“If you’re going through hell, keep going.”

“When danger is far off, we must not forget our weaknesses. When danger is near, we must not forget our strengths” Winston Churchill

Looking West at Wog Wog Mountain

Dunblane nestles peacefully in the picturesque Towamba Valley. It is completely surrounded by national parks.  Bordered on the east by Mount Jingera and the South East National Park. To the west is the State Pine Forrests and further west the tree covered Wog Wog Mountain. Wrapping around the south is Mount Imlay National Park. To the South West is Nungatta with forests extending from the coast to the Victorian border. To the north is the Nullica Forest and Tantawangalo Forest. 

In early 2019 the east coast of New South Wales was set ablaze. Ostensibly dry conditions and lightening resulted in spontaneous combustion. Of interest, during this national disaster, some 250 individuals were arrested for arson. So one wonders.  These forest fires were burning in the north of the state. Burning out of control and  working their way southwards. Fires also  started burning in Victoria to our south. these fires burnt in the Victorian Alps and East Gippsland,  causing huge damage to the natural landscape and to property. The Victorian border is situated 15 km south of the Towamba Valley.

In December 2019,  fire caused two terrible  tragedies. 100 km to our north and 50 km to our south East. To the north, the inferno destroyed the small town  of Cobargo devastating surrounding forests, farmland and sadly causing a tragic loss of life. Cobargo is located 40 kms north of the town of Bega. Bega is 60km north of Towamba. At the same time the Victorian seaside township of Mallacoota, 50 km to our south east was destroyed by fire. Three thousand trapped residents and holiday makers had to be evacuated by sea. The Australian Navy sent a warship to moor off the coast and conducted the proceedings. Amazingly there were no fatalities.

It is no use saying, 'We are doing our best.' You have got to succeed in doing what is necessary. Winston Churchill

The red mark is Dunblane the dark green is the burning fire

 

By now we were at high alert. Fires were burning to our north and our south. The Snowy Mountains a few hundred kilometres to our west were also ablaze. Out of control fires had now burnt the  whole of NSW east of the Dividing Ranges from Queensland to 100km north of the Victorian border. Out of control fires had burnt most of East Gippsland in Victoria and had now reached the NSW border, 15 km to our south. We are completely surrounded by national parks and  fires were burning out of control to our south, to our north and to our west. A state of emergency was declared. People began evacuating their properties and seeking shelter in nearby  Eden, Merimbula and Bega.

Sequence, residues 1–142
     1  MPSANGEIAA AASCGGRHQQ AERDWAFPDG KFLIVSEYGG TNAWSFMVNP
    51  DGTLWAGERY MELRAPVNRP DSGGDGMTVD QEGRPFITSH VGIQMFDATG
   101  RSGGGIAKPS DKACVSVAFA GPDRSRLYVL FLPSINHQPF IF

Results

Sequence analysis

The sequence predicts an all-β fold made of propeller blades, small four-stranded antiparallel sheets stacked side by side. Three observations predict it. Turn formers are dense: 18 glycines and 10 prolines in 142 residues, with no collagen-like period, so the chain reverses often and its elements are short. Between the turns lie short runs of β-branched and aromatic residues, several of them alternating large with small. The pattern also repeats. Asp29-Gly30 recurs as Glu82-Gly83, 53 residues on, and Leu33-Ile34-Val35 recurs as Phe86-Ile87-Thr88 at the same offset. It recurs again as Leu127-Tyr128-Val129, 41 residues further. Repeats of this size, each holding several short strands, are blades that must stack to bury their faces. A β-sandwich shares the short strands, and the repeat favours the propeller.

All farmers in our district have a fire plan.  One has to decide if, in the event of a bush fire, you stay to protect your property or you evacuate early. The biggest problem for emergency services is the risk to human life. People, unable to defend their property who fail to leave early, unnecessarily put their own lives and the lives of the emergency services in jeopardy. The decision  to stay and defend needs to be made very carefully. Based on the ferocity of these recent fires, it's obvious that those who choose to stay and defend need considerable skill and fire fighting equipment. Most farmer are equipped to fight ember attacks. No one I know anticipated the heat and ferocity of the recent fires. We all learnt the meaning of "burning out of control"

Elizabeth and my fire plan was simple. Elizabeth is asthmatic, so to remain in smoke filled atmosphere is courting disaster. Further, we are both in our seventieth year, and are very aware that even though we are both quite agile and strong, our age is against us. So when word came on 31 December that the Border Fire was on its way, we hurredly loaded our car with three dogs, one cat, the washing basket with some freshly washed clothes and our passports. We traveled to be with our youngest daughter, Natasha who lives with her husband Andrew and their daughter Sophie, some 5 hours away, in Young NSW. Of interest, the sky was filled with smoke as far away as Young. We remained in exile, hopping between our children for a full six weeks.

4 January, 2020 was dry and hot. In the late afternoon southerly winds started gusting around 40km an hour. Perfect conditions to fan the blaze that roared across the state border in a northerly direction.  A fire front 50 km wide.

The fuel lying on the ground was so dry that it behaved like a grass fire, racing ahead of the burning forest creating the intense heat needed to ignite these huge trees. At 3 pm the black smoke turned day into night. Pitch black. 10 kms to the south the roar of the inferno was audible. It sounded like a train racing down the tracks towards you.  The ground began shaking like an earthquake. Petrifying!!! This fire wall  raced in a northerly direction at about 6km an hour. Heading directly toward the tiny village of Towamba, located at the southern  tip of the Towamba Valley. Everything in its path way destroyed. Huge  heavy steel vehicles used by the forestry people literally melted where they were parked. Miraculously, as this fire reached the edge of Towamba village, the wind dropped and the relentless advance stopped.